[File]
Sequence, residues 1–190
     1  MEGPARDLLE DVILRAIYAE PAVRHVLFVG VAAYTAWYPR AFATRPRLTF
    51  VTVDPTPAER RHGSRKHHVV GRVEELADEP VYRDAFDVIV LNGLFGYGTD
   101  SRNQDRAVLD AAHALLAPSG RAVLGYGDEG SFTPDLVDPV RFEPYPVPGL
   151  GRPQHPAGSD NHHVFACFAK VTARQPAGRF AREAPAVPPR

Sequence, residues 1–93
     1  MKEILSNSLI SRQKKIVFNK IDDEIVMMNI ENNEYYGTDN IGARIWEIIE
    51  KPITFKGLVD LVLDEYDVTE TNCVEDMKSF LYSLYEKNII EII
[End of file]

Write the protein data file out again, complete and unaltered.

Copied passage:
Sequence, residues 1–190
     1  MEGPARDLLE DVILRAIYAE PAVRHVLFVG VAAYTAWYPR AFATRPRLTF
    51  VTVDPTPAER RHGSRKHHVV GRVEELADEP VYRDAFDVIV LNGLFGYGTD
   101  SRNQDRAVLD AAHALLAPSG RAVLGYGDEG SFTPDLVDPV RFEPYPVPGL
   151  GRPQHPAGSD NHHVFACFAK VTARQPAGRF AREAPAVPPR

Sequence, residues 1–93
     1  MKEILSNSLI SRQKKIVFNK IDDEIVMMNI ENNEYYGTDN IGARIWEIIE
    51  KPITFKGLVD LVLDEYDVTE TNCVEDMKSF LYSLYEKNII EII